Songwriters and friends Wyatt Durrette and Mel Washington talked about the uncomfortable issue of racism for two hours before writing “Love Wins,” a topical song that doesn’t offer a partisan stance or angry confrontations. Instead it’s built around mutual respect, common ground, and of course, love.
Washington believes that because the song stemmed from a conversation, it retained a conversational feel while it was being written. He says, “It was a real privilege to be able to sit down and write about something that is I think on everybody’s minds. It’s kind of hard for it not to be. But to do it with bravery and grace at the same time, and really face the issues at hand, head-on, and unapologetically. To do it in a way that is invitational and invites everybody to the table to be able to talk about things that are uncomfortable.”
Durrette, whose songwriting credits include hits for Zac Brown Band and Luke Combs, says the idea for the song came while watching TV and thinking about the state of the country — and his complicated emotions of feeling scared, mad, and confused all at the same time. So, he reached out to Washington to work on writing the song together.
“Mel and I have become good friends over the past two years,” Durrette says. “He’s an amazing singer-songwriter, a great guy, a man of faith, a Black man from the South as well. And I wanted to sit down. I realized that while I don’t have a racist bone in my body, I still wasn’t doing enough. I needed to understand more. I needed to listen more. I needed to put myself in other’s shoes more, and truly have the conversations for myself. Also because I know my children are watching and they need to see us trying and being adults and having conversations and leading with respect and leading with love.”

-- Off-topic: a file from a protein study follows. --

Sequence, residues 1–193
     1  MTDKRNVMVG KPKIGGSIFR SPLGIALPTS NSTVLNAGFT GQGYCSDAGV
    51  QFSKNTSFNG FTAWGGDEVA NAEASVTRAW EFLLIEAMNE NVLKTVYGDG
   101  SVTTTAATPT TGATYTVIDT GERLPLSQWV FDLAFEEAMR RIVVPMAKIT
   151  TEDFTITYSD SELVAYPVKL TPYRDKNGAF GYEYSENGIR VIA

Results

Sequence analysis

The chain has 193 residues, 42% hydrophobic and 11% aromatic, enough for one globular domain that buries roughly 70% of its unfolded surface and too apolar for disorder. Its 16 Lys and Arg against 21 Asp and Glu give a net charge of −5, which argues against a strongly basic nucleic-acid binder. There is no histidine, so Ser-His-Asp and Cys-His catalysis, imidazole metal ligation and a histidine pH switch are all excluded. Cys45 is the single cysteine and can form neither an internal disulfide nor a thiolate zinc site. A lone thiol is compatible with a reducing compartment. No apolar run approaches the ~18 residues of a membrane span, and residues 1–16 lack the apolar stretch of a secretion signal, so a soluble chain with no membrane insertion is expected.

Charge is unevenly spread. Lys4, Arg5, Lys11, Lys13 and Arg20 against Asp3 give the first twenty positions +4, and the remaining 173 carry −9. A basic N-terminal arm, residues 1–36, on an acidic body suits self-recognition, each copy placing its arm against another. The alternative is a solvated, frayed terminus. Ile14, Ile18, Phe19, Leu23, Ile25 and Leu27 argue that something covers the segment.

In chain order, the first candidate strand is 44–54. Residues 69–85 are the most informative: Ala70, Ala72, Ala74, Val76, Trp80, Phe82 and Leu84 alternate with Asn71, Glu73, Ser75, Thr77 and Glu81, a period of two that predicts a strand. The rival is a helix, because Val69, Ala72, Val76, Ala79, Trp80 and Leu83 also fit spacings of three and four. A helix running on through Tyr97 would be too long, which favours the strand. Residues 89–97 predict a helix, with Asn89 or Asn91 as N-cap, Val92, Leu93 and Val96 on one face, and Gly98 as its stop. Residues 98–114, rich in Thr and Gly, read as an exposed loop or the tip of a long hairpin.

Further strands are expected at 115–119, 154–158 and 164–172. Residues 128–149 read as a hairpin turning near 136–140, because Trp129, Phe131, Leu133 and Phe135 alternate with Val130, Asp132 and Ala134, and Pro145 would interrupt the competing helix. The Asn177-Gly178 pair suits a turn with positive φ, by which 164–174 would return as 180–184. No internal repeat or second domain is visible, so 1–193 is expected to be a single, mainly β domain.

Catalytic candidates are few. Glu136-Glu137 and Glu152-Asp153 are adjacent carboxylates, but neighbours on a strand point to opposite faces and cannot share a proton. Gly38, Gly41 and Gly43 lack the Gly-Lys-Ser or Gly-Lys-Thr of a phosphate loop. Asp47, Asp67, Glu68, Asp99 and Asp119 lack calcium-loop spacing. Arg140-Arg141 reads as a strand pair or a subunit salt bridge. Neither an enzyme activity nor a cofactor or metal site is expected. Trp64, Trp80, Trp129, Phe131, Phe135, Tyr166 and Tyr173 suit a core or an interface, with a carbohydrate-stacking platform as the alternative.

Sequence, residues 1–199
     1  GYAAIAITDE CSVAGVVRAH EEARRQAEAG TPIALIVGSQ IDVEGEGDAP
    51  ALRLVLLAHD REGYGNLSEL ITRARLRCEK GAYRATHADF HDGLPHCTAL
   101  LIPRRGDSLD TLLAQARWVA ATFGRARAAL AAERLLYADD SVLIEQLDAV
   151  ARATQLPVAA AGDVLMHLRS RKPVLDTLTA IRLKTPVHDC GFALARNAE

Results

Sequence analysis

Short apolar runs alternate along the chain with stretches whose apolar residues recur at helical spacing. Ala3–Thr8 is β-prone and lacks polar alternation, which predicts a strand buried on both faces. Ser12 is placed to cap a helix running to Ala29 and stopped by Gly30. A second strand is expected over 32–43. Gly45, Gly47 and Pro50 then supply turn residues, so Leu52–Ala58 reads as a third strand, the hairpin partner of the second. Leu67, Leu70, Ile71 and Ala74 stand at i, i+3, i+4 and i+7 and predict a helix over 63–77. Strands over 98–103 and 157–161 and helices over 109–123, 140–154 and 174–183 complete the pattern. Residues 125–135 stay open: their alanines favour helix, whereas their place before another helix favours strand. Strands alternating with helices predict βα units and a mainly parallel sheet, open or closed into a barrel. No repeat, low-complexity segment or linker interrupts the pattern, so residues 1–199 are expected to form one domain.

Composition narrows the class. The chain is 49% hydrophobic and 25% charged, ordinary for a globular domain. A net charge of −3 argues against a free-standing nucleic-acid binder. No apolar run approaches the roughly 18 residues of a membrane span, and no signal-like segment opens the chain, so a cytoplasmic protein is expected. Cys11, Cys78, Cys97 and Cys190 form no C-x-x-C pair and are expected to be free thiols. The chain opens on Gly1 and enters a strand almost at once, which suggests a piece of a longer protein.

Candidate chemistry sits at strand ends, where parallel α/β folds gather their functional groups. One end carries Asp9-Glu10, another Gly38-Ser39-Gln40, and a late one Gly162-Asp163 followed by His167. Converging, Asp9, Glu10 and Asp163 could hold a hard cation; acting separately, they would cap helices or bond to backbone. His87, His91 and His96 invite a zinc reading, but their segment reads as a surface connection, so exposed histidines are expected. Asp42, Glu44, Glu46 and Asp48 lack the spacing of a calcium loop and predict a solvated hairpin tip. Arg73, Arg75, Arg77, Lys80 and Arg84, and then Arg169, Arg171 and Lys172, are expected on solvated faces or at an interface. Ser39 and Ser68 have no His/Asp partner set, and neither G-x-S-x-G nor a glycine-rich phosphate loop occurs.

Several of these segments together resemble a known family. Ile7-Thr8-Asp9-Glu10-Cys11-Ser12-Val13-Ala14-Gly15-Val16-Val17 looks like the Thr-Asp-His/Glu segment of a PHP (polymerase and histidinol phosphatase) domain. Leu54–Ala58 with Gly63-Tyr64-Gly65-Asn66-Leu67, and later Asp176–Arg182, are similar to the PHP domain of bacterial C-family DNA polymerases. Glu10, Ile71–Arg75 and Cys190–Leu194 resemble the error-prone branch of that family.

Both men hope the message of “Love Wins” will find its way into conversations among families and in the workplace.
“It’s just a real privilege to have written something that I feel is important but also poignant,” says Washington, a longtime musician and native of Charleston, South Carolina. “And at the end of the day, our hope is to spread the positive message, that with all of the emotions that we feel, the thing that’s going to get us through this, and the thing that’s going to change how uncomfortable this season is, is love. So we hope to communicate clearly and with passion that love wins.”
Durrette concurs with that statement. “Mel was the perfect guy, obviously, to have the conversation with, and try to write this song with,” he says. “We sat there for two hours and talked first. It was incredibly eye-opening to me, and I hope the first of many [conversations] with Mel and others. Like Mel said, if it can do something to make people try to lead with love a little more, then I feel like we’ve done what we set out to do.”